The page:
Best place to find artisan handicrafts:
Like any tourist ‘hotspot’ Langkawi has its fair share of batik and various other (supposedly) handmade items, but you can’t miss the Kraft Komplex for a chance to see artisans at work. From weaving and batik to glass blowing, be prepared to spend a few hours there to take it all in. The Ministry of Culture supports the venue, so admission is free. Despite the image the name conjures, it’s quite an interesting place and information and maps to the exhibits, which include a series of dioramas that provide an in depth view into the cultural diversity of Malaysia are provided in English. Upon entry, ask if there is a guided tour scheduled for that day as this is often the best way to gain better insight into the crafts and their history throughout Malaysian culture.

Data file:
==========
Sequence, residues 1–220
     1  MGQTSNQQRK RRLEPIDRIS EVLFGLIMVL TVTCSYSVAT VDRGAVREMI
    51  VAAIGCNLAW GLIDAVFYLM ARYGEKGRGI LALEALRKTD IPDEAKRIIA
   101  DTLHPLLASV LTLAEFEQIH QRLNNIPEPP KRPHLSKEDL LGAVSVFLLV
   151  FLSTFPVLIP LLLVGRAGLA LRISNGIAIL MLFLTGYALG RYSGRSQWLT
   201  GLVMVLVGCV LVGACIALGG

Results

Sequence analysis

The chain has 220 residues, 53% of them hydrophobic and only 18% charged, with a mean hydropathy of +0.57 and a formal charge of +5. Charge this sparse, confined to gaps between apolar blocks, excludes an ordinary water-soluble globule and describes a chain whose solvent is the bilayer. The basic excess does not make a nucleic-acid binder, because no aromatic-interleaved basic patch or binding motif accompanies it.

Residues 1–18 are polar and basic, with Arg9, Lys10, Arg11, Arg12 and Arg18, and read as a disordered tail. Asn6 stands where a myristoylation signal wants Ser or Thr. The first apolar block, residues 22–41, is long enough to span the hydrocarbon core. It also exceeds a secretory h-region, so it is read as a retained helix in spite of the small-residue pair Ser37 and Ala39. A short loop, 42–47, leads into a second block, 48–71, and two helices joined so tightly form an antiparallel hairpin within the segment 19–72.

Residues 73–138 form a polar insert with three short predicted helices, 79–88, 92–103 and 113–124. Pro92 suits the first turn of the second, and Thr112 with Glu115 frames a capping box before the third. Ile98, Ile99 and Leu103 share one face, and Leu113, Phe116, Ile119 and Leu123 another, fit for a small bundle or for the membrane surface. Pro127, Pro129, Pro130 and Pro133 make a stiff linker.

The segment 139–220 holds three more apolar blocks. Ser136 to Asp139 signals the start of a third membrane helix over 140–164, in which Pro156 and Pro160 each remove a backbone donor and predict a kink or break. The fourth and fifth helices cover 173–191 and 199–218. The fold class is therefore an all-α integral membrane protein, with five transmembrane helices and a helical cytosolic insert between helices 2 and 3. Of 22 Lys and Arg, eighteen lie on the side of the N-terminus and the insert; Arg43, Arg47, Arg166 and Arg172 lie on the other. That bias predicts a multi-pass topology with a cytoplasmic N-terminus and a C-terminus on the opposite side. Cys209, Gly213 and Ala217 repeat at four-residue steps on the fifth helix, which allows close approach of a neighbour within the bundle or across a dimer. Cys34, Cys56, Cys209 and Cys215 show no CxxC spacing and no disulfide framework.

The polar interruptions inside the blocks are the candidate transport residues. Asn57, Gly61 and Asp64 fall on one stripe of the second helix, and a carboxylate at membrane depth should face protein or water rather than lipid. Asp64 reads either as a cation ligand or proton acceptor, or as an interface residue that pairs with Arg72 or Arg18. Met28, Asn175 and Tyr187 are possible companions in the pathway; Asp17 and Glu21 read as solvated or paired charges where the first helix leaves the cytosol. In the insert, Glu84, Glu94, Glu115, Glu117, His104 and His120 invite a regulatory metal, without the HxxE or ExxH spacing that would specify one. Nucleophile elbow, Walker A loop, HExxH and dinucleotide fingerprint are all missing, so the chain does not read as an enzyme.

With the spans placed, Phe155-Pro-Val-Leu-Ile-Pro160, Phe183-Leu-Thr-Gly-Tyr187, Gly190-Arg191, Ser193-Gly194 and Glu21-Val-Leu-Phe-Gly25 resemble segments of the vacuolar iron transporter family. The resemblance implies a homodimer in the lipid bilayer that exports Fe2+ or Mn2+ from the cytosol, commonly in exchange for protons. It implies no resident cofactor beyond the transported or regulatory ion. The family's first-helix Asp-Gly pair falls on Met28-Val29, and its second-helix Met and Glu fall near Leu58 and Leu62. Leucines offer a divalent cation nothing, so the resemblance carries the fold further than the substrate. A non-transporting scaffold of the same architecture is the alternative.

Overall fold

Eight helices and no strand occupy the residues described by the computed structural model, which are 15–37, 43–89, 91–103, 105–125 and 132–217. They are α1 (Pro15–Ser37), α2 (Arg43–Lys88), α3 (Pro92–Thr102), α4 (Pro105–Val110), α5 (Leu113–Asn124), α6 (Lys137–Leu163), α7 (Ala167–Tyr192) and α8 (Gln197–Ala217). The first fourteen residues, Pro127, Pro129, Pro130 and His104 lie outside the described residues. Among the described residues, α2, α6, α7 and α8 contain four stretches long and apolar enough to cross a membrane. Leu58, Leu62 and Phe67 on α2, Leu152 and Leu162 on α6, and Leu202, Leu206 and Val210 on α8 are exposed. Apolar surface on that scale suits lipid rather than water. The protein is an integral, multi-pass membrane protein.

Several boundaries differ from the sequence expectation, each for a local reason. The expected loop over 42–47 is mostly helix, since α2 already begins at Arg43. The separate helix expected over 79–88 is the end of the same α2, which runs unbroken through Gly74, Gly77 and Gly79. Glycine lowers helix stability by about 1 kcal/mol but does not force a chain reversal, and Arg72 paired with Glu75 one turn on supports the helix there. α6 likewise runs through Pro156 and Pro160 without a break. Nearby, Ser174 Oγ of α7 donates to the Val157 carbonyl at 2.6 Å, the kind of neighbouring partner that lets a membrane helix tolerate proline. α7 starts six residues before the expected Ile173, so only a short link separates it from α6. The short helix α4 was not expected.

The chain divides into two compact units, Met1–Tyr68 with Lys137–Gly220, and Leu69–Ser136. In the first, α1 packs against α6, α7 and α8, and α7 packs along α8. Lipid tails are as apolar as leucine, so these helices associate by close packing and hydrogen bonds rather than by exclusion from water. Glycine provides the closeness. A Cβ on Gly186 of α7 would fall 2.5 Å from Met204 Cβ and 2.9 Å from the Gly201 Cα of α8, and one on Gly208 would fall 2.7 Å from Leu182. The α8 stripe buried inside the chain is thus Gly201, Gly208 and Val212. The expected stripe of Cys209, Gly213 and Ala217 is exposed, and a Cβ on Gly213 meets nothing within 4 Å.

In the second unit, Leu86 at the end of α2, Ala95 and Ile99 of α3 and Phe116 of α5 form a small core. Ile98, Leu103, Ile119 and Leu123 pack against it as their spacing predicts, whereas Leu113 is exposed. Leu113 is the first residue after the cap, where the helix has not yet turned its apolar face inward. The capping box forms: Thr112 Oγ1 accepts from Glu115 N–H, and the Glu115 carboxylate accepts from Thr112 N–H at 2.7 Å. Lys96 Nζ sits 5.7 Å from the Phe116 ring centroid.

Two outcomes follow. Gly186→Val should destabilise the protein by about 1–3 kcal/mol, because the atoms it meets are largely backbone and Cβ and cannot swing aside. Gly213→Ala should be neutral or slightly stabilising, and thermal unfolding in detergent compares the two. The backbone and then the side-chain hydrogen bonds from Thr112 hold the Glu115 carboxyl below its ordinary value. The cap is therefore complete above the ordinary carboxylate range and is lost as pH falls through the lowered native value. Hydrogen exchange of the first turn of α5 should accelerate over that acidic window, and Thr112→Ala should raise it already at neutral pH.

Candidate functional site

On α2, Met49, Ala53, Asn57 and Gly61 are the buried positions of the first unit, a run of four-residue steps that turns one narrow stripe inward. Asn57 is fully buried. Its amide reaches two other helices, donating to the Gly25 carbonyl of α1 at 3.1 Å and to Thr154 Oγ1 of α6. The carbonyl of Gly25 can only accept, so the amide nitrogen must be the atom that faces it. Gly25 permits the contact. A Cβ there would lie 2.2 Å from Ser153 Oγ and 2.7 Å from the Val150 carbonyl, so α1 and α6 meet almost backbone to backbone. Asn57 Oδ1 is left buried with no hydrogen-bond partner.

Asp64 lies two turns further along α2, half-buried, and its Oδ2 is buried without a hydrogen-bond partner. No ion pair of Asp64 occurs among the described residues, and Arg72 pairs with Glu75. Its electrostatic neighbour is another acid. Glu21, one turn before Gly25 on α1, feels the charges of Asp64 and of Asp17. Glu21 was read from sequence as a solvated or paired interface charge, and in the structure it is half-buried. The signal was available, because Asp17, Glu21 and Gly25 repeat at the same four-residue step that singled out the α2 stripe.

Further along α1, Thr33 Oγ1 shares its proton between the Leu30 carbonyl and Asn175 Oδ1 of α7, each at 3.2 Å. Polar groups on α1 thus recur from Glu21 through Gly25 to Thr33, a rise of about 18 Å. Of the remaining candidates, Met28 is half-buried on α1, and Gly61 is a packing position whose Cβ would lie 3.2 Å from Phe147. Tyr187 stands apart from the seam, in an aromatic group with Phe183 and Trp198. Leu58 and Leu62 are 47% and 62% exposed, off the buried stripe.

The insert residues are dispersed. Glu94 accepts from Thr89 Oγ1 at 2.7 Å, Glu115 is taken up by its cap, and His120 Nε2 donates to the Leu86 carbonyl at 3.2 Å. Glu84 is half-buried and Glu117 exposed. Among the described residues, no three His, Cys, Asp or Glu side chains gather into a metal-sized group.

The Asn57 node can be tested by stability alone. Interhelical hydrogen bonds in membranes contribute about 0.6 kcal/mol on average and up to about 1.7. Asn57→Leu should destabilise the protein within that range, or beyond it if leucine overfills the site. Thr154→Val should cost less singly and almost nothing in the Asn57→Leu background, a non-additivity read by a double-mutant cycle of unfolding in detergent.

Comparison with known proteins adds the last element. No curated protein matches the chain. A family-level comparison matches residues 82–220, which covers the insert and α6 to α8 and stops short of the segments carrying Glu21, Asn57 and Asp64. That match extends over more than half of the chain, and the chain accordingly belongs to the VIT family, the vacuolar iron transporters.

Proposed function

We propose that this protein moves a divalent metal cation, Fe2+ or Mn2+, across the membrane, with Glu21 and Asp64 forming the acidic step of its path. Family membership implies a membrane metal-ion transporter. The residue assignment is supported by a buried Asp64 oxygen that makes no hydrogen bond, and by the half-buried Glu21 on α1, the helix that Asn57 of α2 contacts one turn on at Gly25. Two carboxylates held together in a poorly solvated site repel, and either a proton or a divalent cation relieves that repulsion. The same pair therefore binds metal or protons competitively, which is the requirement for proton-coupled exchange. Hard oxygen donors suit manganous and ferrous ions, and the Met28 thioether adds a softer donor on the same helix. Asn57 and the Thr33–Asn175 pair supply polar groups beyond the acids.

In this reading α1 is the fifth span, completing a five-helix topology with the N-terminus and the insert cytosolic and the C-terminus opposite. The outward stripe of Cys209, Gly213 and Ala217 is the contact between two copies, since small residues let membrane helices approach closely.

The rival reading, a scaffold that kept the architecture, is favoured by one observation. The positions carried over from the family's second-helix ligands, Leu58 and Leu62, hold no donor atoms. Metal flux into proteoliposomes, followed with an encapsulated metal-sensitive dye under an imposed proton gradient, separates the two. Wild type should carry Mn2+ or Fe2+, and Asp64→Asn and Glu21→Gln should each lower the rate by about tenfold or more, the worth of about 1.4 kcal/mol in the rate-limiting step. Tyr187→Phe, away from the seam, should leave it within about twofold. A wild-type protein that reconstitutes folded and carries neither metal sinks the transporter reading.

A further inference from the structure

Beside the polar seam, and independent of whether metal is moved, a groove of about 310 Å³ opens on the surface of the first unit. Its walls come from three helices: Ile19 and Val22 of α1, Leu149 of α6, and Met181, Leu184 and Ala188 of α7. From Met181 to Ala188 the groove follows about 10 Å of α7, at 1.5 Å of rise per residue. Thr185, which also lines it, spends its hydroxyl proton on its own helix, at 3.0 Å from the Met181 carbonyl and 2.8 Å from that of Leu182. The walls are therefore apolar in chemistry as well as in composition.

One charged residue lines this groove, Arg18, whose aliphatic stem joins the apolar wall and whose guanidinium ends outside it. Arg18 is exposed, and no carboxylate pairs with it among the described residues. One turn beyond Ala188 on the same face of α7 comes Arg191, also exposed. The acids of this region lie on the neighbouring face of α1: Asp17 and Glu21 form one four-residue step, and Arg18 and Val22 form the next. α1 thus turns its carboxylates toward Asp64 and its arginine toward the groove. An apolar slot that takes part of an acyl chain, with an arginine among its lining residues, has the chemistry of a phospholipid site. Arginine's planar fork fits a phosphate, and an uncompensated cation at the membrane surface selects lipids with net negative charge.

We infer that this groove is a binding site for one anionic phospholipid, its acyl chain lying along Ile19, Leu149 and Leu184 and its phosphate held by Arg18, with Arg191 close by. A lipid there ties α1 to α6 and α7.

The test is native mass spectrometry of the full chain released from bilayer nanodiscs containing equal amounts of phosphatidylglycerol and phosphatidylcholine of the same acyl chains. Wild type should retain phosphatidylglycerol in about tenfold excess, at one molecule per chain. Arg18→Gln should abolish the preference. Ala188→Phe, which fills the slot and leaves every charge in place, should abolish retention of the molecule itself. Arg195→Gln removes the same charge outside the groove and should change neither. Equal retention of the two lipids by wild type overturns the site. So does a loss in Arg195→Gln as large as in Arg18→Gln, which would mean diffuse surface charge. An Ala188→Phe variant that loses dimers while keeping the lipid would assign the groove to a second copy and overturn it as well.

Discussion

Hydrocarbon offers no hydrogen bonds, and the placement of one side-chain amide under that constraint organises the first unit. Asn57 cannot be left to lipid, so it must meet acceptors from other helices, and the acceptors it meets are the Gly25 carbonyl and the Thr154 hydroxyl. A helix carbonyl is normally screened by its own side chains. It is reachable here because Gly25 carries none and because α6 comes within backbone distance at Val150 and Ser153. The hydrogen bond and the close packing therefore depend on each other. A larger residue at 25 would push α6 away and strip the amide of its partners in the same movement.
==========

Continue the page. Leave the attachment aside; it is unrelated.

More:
Local celebration not to be missed:
Many celebrations are based on a lunar calendar and sometimes precise dates are not actually known by foreigners. In Langkawi, however, the Ponggal celebration is the Indian community’s event that really stands out as one worth making the effort to attend. The community of Kisap has the largest number of Indian Malays and their festivities generally take place around January 14th. The word pongal is derived from the Tamil word pongu: to boil over. Historically, newly harvested rice grains are boiled in milk with additional treats added, such as cashews, raisins and ghee. It may not be as theatrical as events in larger Malaysian cities, and you may find yourself the only foreigner present, but embracing that particular fact gives you a greater appreciation for the ‘real deal’.